Jesse Jackson Sr. has turned 65, and his birthday coincides with his four decades of service to the civil rights movement. Jackson's birthday is a good time to step back and reflect on his lifelong dedication.
As a community, we're pretty brutal in our critique of men and women in public life. We laugh at their foibles, note their voracious craving for publicity and are especially critical when they hop from issue to issue or press conference to press conference, with no follow-up in sight. When you're a public figure, that's all considered fair game.
But we shouldn't stop there.
At some point, we should also express our admiration and gratitude to those who spurn lucrative careers in the private sector to keep the spotlight shining on the seemingly intractable issues of racism, unequal education, inadequate housing, unemployment and criminal injustice. They are the ones, in Jackson's words, who keep hope alive.
Love him or loathe him — or something in between — it is undeniable that Jesse Louis Jackson has spent his entire adult life at the forefront of the battles over civil rights. After leaving the seminary to participate in the Selma-to-Montgomery March that paved the way for passage of the 1965 Voting Rights Act, Jackson has been on the case. In some respects, he has been ahead of his time.
During his 1984 presidential campaign, he often talked about how asinine it was for the United States to have a "no talk" policy toward its most ardent enemies. Talking to one another provided no guarantee that differences would be settled, Jackson argued, but not talking forestalls any likelihood that parties can set aside their differences. Today, more than two decades later, we're in an imbroglio with North Korea and, like some spoiled kid, we refuse to talk to their leaders. George W. Bush still misunderstands what Jackson understood in 1984.
Journalists covering Jackson's maiden campaign were provided an experience that would also prove to be valuable years later. When Jackson took his low-budget national campaign to New Orleans, we did not head for Bourbon Street. Instead, he took us to the Desire housing project. As a person who grew up in public housing in Tuscaloosa, Ala., I had not seen the likes of poverty and suffering in Desire. So when Americans were shocked to learn last year that poverty was so widespread there, Jesse Jackson had already made that point clear to us during his campaign.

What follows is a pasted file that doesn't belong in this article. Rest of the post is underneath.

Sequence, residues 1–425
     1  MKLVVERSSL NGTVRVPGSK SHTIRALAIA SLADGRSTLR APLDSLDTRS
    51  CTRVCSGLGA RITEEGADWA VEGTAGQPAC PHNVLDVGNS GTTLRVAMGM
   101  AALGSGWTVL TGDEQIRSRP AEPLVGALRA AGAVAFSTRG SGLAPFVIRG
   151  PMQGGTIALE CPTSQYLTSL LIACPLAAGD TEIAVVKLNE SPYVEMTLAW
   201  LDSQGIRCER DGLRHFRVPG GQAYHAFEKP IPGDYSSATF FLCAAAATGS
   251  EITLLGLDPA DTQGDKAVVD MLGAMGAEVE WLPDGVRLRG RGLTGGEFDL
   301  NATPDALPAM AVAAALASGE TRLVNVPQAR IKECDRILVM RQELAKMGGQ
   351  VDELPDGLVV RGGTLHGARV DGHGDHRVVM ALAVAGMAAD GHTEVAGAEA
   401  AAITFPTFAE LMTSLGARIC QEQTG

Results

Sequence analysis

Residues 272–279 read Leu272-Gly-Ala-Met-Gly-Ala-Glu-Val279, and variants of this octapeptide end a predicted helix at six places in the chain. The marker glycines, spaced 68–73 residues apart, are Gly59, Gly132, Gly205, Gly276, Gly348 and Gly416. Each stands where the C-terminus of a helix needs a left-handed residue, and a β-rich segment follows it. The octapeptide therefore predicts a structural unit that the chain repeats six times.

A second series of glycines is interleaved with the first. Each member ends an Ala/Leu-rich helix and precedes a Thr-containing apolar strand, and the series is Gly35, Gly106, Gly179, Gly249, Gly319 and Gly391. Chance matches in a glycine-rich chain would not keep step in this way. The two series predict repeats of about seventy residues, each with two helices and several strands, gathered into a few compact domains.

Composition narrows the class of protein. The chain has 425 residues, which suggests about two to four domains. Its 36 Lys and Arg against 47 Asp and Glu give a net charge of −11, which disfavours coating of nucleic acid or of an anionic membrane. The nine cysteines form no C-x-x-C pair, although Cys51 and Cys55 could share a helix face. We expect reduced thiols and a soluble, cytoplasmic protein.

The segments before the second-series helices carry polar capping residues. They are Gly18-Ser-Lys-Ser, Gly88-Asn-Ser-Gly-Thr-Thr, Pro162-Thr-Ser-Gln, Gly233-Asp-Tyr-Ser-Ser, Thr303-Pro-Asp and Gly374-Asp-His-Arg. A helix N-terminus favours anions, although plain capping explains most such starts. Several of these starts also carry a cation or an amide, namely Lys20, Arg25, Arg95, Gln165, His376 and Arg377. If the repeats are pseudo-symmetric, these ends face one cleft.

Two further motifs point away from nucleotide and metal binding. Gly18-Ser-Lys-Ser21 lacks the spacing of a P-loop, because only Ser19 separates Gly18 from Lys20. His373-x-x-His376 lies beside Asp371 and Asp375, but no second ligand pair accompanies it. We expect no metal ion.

Right-wing critics often accuse Jackson of expecting too much from the federal government. His is a generation that understood that the federal government, especially for those living in the segregated South, was the government of last resort. But they miss a larger and perhaps more important point: Jackson is extremely traditional and, over the years, he has exhorted students to turn off the TV and get turned on to studying.
Rather than bemoaning race-based White voting patterns, he has challenged African Americans to increase their voter registration and participation. More than Black conservatives, he has practiced self-help. The Southern Christian Leadership Conference, Rainbow/ PUSH, the National Urban League and the NAACP are all self-help organizations. Conservatives don't have a monopoly on self-help.
Finally, as you lift a toast to Jesse Jackson this weekend, lift one for his courage. I have heard death threats against him relayed over police radios. I know about the hate mail he receives and I know the sacrifices the Jackson family has made to allow Jesse to be Jesse. And while he and I have disagreed on some issues in the past and will probably do so again in the future, I've never questioned his commitment.
It's time to step back and say to Jesse Jackson: Thanks for your unselfish service. We're all the better for it.
George E. Curry is editor-in-chief of the NNPA News Service and BlackPressUSA.com.